Tuesday - 16 September 2014

Discarded by a Norman potter, jug made for Derbyshire family brings £30,000

10 October 2013Written by Roland Arkell

In January 1862, while draining a field close to the site of Duffield Castle in Derbyshire, workmen from the Kedleston estate happened upon a quantity of ancient pottery shards.

What they had found was the site of the medieval Burley Hill Pottery.

The finds were brought to the notice of the local antiquarian Llewellyn Jewitt whose excavations on Burley Hill found that two circular barrow-like mounds at opposite ends of the field were the discarded remains from a 13th century potter's kiln.

Large quantities of a distinctive brown lead-glazed earthenware characteristic of the late Norman period - predominantly fragments of small jugs, shallow dishes and porringers (or pippens as they were known locally) - were recovered on the instruction of the landowner Alfred Curzon, the 4th Baron Scarsdale (1831-1916).

However, the principal discovery among the Burley Duffield pots was a large, and wholly intact, 13th century ale or cider 'harvest' jug standing some 16in (41cm) high and applied with heraldic decoration in slip.

The device of three horseshoes and buckles is the badge of the Ferrers family, earls of Derby and Nottingham and the largest landowners in Derbyshire for much of the last millennium. Henry De Ferrers, a Norman soldier rewarded with land after victory at Hastings, had first built fortifications at Duffield in or around 1066, and it was logical to conclude that this jug had been made c.1220-50 for use by his descendants at the castle.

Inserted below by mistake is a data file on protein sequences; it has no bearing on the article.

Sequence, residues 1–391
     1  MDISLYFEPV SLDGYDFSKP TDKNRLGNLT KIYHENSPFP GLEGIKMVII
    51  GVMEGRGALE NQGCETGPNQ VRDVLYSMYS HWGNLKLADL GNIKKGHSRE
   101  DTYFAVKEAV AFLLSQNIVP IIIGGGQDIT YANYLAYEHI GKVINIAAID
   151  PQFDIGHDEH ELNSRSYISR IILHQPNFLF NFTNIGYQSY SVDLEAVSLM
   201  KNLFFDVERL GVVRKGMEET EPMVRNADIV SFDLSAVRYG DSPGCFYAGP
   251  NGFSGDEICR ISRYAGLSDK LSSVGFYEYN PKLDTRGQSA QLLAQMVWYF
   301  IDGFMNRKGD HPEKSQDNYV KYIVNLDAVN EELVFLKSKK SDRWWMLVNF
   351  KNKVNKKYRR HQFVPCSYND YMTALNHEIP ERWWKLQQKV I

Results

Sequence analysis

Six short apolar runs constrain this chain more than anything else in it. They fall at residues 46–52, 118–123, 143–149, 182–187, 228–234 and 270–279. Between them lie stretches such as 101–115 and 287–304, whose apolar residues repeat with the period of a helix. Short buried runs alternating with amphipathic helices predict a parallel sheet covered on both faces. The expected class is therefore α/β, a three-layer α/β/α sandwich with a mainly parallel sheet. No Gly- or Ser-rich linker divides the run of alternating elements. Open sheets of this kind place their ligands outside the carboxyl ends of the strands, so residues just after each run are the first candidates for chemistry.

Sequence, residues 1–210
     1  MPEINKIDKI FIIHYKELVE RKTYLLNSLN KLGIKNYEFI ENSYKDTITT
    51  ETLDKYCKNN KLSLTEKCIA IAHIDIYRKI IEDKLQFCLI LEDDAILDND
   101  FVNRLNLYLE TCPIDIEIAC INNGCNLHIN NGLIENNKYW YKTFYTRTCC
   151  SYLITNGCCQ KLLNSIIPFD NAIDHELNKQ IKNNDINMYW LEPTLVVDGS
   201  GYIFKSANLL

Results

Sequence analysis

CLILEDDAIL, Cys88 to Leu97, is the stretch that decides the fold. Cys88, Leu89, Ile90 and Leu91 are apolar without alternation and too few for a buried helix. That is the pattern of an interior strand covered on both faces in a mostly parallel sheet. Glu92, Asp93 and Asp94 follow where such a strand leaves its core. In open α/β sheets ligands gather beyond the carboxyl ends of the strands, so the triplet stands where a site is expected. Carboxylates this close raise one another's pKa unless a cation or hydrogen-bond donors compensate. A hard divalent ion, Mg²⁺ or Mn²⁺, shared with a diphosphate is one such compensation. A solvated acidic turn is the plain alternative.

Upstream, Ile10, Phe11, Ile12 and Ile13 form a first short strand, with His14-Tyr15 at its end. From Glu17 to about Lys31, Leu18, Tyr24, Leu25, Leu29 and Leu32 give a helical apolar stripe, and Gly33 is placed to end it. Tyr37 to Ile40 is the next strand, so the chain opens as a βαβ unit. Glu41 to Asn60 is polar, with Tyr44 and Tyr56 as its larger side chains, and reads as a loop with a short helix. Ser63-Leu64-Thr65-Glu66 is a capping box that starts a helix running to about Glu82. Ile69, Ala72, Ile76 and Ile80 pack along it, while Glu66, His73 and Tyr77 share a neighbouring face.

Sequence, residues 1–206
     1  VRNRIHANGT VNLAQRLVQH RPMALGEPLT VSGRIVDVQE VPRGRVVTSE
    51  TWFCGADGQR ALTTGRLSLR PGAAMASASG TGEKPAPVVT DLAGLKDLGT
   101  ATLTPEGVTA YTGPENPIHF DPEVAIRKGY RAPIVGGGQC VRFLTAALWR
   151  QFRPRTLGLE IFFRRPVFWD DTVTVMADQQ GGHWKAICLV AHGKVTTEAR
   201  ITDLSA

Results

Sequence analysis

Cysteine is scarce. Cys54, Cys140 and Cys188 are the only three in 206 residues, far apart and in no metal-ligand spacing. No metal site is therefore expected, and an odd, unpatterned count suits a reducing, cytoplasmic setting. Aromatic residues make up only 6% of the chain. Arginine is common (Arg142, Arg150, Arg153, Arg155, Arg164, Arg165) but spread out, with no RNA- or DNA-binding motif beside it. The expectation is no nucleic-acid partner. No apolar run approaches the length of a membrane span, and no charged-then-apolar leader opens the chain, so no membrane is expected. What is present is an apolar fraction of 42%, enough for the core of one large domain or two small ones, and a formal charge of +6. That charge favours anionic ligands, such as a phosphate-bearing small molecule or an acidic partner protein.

The pitcher appears to owe its preservation to a fire crack on one side near the bottom for which defect it was probably thrown aside by the potter. In the course of time it was buried. At the time of discovery, it was described as "one of the most important and interesting early medieval relics of the potters' art".

The jug remained in the collection at Kedleston Hall (although not recently on display) until current occupant, the Right Honourable Richard Curzon, chose to consign it for sale with Hansons of Etwall, Derbyshire on September 28.

Historical importance does not always translate into great financial worth for medieval vernacular pottery, but Charles Hanson's confident valuation of £30,000-50,000 was rewarded when it sold on the low estimate (plus 17.5% buyer's premium) to a private buyer.

A lot of money, but a lot of history too. "It really is a magical item," said Mr Hanson. "When I initially assessed the jug I was informed the pet dog had on a couple of occasions come close to wagging its tail a little too close and knocking it over."

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